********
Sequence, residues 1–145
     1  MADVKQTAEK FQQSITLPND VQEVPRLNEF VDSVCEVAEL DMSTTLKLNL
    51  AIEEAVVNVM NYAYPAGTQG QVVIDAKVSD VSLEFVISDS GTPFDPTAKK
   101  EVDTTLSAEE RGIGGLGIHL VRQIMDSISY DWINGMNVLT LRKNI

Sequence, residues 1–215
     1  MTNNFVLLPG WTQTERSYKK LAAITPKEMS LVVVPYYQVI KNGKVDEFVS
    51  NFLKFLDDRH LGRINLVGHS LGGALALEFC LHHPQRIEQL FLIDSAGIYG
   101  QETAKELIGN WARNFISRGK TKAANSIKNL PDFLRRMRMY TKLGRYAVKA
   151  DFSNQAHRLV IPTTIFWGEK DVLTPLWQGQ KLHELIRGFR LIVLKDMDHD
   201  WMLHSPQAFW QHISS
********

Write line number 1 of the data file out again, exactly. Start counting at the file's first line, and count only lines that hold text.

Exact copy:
Sequence, residues 1–145